Knotting and netting
Badla is a form of metal thread embroidery associated with various Asian and Middle Eastern countries. In India, Pakistan, Saudi Arabia and throughout the Gulf region the technique is usually known as badla. In (southern) Iran it is called khus-duzi, while in Egypt it is called tulle-bi-telli (‘net with metal’), which includes the French word tulle (‘net’).
Darned netting or darned net (work) is a form of decoration, made with a needle, with a darning stitch, linen stitch or running stitch. It is applied on a knotted (filet), woven (buratto) or machine-made (net) ground, to form a geometric or figurative design. Various forms of darned net work are also sometimes called guipure d'art or filet lace.
Macramé is a form of knotted lace that probably developed from the knotting of warp fringes on a woven material to prevent unravelling and to provide extra decoration. According to the Shorter Oxford English Dictionary, the word macramé comes from the Turkish word makrama, meaning a bedspread (also the Arabic word mikrama, with the same meaning). But the word might also originate in the Arabic migramah, meaning a fringe.
The term netting refers to any process whereby yarns are looped, knotted or twisted together, resulting in a fabric with open spaces between the yarns. It is an ancient technique that is often associated with communities involved in fishing or bird catching. Decorative (as opposed to practical) netting (or decorated netting) appears to have been practised in Europe since the thirteenth century.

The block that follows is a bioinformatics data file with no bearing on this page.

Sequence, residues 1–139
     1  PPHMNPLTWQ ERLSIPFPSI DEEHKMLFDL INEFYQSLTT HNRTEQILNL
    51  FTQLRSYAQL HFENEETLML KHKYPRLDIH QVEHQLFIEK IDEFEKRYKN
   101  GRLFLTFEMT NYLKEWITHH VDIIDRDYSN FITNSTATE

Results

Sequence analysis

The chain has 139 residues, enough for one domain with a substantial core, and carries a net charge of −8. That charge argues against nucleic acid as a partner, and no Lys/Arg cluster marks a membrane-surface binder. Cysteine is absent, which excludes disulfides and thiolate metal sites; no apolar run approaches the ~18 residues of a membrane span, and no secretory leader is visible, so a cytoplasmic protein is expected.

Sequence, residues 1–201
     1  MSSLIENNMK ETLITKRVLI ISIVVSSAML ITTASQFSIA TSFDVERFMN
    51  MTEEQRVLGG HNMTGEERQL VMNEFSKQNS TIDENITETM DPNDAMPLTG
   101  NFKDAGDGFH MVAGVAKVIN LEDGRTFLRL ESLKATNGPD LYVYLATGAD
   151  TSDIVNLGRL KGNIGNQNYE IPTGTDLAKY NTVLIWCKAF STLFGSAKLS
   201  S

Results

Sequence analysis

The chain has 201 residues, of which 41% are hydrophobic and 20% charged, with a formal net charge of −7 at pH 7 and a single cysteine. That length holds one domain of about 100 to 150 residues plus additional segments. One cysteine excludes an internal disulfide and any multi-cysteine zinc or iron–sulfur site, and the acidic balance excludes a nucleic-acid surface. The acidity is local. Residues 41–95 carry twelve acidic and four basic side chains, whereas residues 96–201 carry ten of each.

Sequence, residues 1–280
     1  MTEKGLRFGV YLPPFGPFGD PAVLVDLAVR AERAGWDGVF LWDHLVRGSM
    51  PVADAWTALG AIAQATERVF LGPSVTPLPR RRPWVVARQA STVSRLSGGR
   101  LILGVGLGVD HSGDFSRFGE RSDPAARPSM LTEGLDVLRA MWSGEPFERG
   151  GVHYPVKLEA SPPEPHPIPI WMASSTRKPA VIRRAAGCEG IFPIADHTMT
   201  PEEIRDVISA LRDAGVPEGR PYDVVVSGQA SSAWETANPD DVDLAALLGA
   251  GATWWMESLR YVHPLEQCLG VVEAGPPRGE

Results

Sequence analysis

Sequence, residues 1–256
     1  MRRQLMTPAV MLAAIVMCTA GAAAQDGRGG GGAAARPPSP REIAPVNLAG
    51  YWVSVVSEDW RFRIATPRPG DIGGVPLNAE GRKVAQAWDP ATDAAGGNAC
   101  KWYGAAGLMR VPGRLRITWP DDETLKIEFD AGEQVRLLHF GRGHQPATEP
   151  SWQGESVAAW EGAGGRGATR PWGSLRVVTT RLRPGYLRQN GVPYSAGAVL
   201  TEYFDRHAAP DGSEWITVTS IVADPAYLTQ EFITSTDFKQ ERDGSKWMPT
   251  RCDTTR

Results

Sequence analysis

Stringwork was a popular form of decorative needlework in seventeenth and eighteenth century Europe. A thin, round cord was wound onto a large shuttle with open ends, then the cord was unreeled and knots made at intervals. The resulting knotted cord was fed into a bag, suspended either at the left wrist or from a belt. The knotted cord was then couched down in a decorative pattern onto an usually linen ground of some kind.
Tatting is a knotting technique used to make a form of lace with a series of knots and loops (picots or purls). It is made using a small shuttle. In Western Europe this technique seems to date to the late eighteenth century and may be a development of knotting. It became popular in the late nineteenth century.
Tulle-bi-telli is a form of metal thread embroidery associated with Egypt, Lebanon and Syria. It uses individual knots made with lamé, and this technique in general is associated with many countries. In India, Pakistan, throughout the Gulf region and Saudi Arabia, the technique is usually known as badla. In Iran it is called khus-duzi, while in Egypt it is called tulle-bi-telli (‘net with metal’), which includes the French word tulle (‘net’).